Trust your gut, do your sums and make a plan

Trust your gut, do your sums and make a plan

This week’s career change guest blog is from Ciara Bruton who is a Holistic Life & Business Coach. Ciara spent 7 years working as a Primary School teacher and has fully transitioned into her dream role as a coach. Ciara helps new, holistic practitioners in Ireland to get their business and website up and running without the overwhelm. She tells us her incredible journey about trusting her gut and making the leap towards a new career path. Here is her story.

The Transition

In 2017, I quit my “permanent and pensionable job” as a primary school teacher in rural Roscommon. When I loved teaching - I truly loved it. I loved junior infants in particular because of the fun and play-based learning.  I gave my heart and soul to teaching. I was always to be found creating new resources, art ideas, Aistear role-play area set ups


While teaching is a very all-consuming profession, at some point I realised I wasn't growing anymore. I wasn’t doing new things or feeling inspired and creative like I used to when I’d first started. While the kids were always good fun and kept my mind active, the other aspects of the job weren't keeping me feeling engaged. 

The Turning Point

I had never planned to be a primary school teacher forever. I was always interested in spirituality and personal development but hadn’t quite found my “thing” yet.  In 2016, I did my first 10-day silent meditation retreat. I had huge realisation that I needed to leave teaching and step into the unknown. I think I had known that for about two years, but I was ignoring it. Within the silence of the meditation retreat, my inner knowing was very loud and clear that it was time to leave teaching.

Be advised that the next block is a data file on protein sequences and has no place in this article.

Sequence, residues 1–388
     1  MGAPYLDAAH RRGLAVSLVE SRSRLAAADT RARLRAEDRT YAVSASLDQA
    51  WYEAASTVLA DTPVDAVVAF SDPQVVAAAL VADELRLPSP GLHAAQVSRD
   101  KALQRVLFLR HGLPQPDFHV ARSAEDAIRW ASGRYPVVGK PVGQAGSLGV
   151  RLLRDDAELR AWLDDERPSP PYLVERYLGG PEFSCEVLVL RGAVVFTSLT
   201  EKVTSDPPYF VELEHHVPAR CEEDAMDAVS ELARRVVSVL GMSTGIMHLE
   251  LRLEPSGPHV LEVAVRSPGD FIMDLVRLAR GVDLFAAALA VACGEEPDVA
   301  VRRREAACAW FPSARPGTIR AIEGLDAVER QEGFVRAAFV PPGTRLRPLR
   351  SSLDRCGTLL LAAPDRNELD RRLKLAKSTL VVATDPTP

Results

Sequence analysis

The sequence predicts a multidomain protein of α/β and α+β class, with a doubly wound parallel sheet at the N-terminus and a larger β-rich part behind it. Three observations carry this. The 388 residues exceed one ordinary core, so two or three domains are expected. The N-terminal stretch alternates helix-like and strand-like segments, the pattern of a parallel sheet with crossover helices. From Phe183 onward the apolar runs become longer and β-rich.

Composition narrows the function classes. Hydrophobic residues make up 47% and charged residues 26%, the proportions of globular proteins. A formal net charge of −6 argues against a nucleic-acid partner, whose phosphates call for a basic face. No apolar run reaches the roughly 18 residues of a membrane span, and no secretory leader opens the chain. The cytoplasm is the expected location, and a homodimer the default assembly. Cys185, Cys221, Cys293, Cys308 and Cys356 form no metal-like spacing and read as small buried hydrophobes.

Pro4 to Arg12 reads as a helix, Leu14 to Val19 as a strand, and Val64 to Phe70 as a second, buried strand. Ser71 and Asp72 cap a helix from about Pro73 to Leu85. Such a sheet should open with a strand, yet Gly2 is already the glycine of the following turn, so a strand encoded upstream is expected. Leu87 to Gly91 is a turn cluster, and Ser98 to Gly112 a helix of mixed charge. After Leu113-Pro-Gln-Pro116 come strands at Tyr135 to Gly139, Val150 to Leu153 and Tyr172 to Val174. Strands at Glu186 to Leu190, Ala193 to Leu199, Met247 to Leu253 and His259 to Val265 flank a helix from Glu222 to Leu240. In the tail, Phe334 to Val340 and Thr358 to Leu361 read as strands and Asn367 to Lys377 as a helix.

This epiphany happened in August and I had already got my classroom ready and met my kids for September, I decided to teach for the year while I figured my exit plan.

Taking Time and Space

I wish I could say that things became clear about my next steps during this time, but they didn't. All I knew what's that I needed space and time to figure it out. I decided to go to Bali, then ended up in Australia volunteering at meditation and yoga centres for 10 months. I wish I could say I came home knowing what my next steps were, but I didn't!

I came home, I sat on the floor with A3 pages and markers and I brainstormed. I wrote down all the things that I might like to work at, the training requirements, and the lifestyle associated with each job. Somehow, I came across life coaching and attended a free introductory workshop in Dublin at which I realised this is it.

Substitute Work

While studying the life coaching course and even after I qualified, I subbed. I think as teachers we are so lucky to have the option to sub. I knew how much money I needed a month to cover my needs, and I work I subbed that number of days a month.  On the other days, I was working on my business. 

Starting a business has been the most growth-inducing experience of my life. There have been highs and lows, courage and fear, delight and terror.  As someone who is a thinker, a planner, a perfectionist, I have had to take action without feeling ready and get used to coping with the unknown, a lack of structure, a lack of certainty. On the other hand, I’ve had such freedom and connection with myself in how I choose to spend my time and energy, the impact I want to have, the possibilities that are open to me: I feel very alive and inspired again.